Luxury travel meets murder when the train passenger Belgian detective Hercule Poirot finds himself in the middle of whodunnit in Agatha Christie’s classic novel Murder on the Orient Express.
During his first voyage aboard the Orient Express, Christie’s great-grandson, James Pritchard, reminisced about why the “Queen of Crime – as she was known – became enamoured with the famous locomotive that has recently been restored by the French state.
The storied train and its voyages to the exotic east not only inspired one of Christie’s most famous mysteries, but also defined her.
“The Orient Express changed her life,” Prichard told the Associated Press.
Christie first travelled on the train in 1928 during the most painful moment in her life, after Prichard’s great-grandfather, Archie Christie, walked out on her.
“She wanted a holiday and someone suggested she went on an archaeological dig in Syria,” Prichard said.
For a woman travelling solo in that era, the trip was “extraordinarily brave and adventurous”, he added.
She met an archaeologist on the trip, Max Mallowan, who became her second husband, and they travelled via the Orient Express for years to digs in the Middle East.
“That was their commute, that’s how they got there,” Prichard said.
Prichard spoke about the family matriarch while travelling from Paris to France’s Champagne region on a train chartered by 20th Century Fox to mark the home entertainment release in February of director Kenneth Branagh’s 2017 film, Murder on the Orient Express – featuring Branagh as Poirot and co-starring Judi Dench, Penelope Cruz and Johnny Depp.
Looking around a restored 1920s railway carriage called Etoile du Nord, which his great grandmother likely travelled on, Prichard said he could see the unique “beauty of the train”.
The art-style carriage, with birch burl panels and exotic woodwork by renowned French decorator Rene Prou was among the carriages refurbished last year by France’s national rail network, the SNCF.
It restored the splendour of the locomotive that has captured the imaginations of generations since its creation in 1883 as it travelled along the route from Paris to Constantinople – today’s Istanbul – weaving through mountain ranges and Europe’s finest landscapes.
The Orient Express became the ultimate symbol of the golden age of travel and a byword for luxury.
In 1977, the route ended – a victim, experts say, of the proliferation of high-speed trains – and then served a shorter route until 2009, when it disappeared from official timetables altogether.
The train is now France’s premier museum-on-wheels, classified as a French Historic Monument, and owned, along with its famous name, by the French state.
These days, it travels out only exceptionellement, as the French say.
However, the 1934 publication of Christie’s novel saw the Orient Express become a symbol of something sinister: murder.
The story’s enduring popularity – including the 1974 film version, starring Albert Finney as Poirot, which led to co-star Ingrid Bergman winning the 1975 Oscar for best supporting actress, and stage and television adaptations – has forever bound the train to the murder mystery.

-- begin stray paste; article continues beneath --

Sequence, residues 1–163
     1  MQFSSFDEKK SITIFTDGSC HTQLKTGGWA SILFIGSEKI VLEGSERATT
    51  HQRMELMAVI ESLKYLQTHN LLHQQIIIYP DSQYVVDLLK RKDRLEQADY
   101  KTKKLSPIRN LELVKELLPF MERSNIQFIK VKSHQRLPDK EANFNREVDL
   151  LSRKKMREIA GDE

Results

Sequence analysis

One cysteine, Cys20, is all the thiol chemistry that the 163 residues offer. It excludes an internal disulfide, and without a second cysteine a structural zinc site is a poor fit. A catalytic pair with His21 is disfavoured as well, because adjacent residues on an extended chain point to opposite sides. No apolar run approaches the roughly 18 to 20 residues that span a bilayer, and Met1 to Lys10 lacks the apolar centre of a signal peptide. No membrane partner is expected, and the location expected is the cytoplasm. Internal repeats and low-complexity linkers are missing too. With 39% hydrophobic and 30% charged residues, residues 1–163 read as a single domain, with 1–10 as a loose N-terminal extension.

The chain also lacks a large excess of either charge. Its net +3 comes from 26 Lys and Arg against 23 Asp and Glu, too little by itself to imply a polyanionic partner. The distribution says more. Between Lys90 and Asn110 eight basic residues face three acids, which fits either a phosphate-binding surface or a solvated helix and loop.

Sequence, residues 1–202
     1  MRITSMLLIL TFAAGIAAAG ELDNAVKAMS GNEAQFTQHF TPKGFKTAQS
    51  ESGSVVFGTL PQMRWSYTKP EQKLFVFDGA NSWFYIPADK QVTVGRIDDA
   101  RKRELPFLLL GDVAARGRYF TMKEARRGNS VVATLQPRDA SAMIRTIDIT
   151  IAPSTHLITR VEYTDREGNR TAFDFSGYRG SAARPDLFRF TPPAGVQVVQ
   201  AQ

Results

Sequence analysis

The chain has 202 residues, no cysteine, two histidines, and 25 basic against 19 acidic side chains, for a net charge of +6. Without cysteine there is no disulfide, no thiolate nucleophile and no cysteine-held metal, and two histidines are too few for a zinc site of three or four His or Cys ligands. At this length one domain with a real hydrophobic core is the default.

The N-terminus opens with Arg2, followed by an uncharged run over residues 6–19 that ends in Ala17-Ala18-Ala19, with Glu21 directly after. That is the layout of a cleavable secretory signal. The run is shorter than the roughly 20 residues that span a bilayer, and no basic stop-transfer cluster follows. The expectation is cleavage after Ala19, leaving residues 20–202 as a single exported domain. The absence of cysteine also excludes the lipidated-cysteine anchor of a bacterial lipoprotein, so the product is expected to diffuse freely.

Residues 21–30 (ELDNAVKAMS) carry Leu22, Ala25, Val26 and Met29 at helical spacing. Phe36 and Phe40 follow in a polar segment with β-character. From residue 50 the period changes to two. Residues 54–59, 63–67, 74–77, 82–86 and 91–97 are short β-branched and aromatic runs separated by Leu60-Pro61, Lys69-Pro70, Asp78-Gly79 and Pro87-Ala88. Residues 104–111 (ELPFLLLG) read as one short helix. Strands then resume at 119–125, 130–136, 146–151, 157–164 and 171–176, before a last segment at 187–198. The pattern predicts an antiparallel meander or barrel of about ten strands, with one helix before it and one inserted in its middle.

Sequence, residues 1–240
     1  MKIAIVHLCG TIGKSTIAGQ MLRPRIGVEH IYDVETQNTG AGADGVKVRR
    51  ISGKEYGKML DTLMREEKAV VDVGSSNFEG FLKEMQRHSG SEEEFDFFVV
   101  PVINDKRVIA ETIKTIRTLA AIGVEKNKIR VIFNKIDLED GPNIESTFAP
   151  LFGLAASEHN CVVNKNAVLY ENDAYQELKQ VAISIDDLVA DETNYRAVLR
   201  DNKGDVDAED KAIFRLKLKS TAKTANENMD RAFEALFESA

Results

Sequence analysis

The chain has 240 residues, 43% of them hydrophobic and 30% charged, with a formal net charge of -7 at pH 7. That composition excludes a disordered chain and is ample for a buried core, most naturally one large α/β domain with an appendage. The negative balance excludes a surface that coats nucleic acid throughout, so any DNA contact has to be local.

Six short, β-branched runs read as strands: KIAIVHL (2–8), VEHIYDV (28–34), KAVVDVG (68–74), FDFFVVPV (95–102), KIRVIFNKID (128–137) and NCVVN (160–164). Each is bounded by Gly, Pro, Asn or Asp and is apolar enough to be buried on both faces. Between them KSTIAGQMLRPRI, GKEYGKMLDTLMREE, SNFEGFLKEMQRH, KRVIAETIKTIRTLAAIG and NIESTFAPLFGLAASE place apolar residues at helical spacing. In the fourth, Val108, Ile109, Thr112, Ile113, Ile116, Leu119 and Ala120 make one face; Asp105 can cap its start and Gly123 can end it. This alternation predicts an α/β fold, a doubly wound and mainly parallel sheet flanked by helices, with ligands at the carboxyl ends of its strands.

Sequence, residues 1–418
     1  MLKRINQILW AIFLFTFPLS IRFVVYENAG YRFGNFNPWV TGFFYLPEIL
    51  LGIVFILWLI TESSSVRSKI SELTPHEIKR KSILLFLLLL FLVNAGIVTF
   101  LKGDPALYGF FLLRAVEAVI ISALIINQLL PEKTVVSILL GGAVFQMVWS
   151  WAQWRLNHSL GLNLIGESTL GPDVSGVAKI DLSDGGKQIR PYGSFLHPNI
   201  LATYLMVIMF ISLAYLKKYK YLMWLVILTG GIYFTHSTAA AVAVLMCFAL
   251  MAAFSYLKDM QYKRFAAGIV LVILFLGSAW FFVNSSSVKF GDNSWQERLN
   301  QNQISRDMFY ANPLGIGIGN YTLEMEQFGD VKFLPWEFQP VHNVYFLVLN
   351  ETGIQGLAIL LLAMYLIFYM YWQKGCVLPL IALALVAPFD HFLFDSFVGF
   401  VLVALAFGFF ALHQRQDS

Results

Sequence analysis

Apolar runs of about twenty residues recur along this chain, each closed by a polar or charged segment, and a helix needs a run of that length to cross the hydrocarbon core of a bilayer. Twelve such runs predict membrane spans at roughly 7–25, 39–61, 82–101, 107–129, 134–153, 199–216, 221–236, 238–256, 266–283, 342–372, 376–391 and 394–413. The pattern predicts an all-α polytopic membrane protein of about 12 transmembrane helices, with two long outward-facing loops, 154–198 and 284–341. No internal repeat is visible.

Why did Christie use the Orient Express as a setting for something so dark?
Prichard believes the train’s unique mix of foreigners, luxury and exoticism in an opulent but confined setting made it the “perfect” setting for a whodunnit starring Christie’s moustachioed detective Poirot. “One of the first things you need for an Agatha Christie mystery is an enclosed space,” Prichard said. The train compartments offered “12 people who couldn’t go anywhere”, all of them presenting a facade over their true selves.
Riding the train provided days of study for the author.
“She observed – and that’s where some of this writing came from – her ability to observe people and situations, and then make the leap, bizarrely, to murder,” Prichard said.
Christie would have seen “glamorous strangers dressed to the nines for breakfast, for lunch, for tea, for dinner – but who were they behind that theatre?”, he said.
And while the carriages are beautiful, they are also narrow, forcing passengers to brush against one another beside Cuban mahogany panelling and glass window reliefs if they passed along a corridor.
Christie frequently crafted her plots by putting disparate characters together in exotic locations, then imagining the fallout from a murder.
Not everything was made up, though. In her novel, the train gets stuck in a snow drift, giving Poirot time to gather clues and interview each traveller.
Prichard said that in 1929, the real Orient Express train also got trapped by a blizzard, and later, an Orient Express train on which Christie was travelling got stuck in flooding, with sections of track washed away.
As custodian and CEO of the Agatha Christie estate, Prichard handles artistic rights and must approve productions that use Christie’s work.
He served as executive producer on Branagh’s hit film adaptation.
The most popular novelist in history, Christie wrote more than 75 books that have sold about two billion copies.
Yet despite her huge popularity as a writer, she preferred to watch people rather than talk to them.
She was “very reserved, very quiet”, Prichard said.
“There was this stuff going on in her head, which were these plots, but if you’d met her and you didn’t know, you’d have just thought in her later life she was a lovely older woman.”
Prichard was only six years old when she died.
He said it was only when he saw news of her death at the start of the BBC television news, when arriving home from school, that he realised “she was something special – she was something more than my great grandmother”.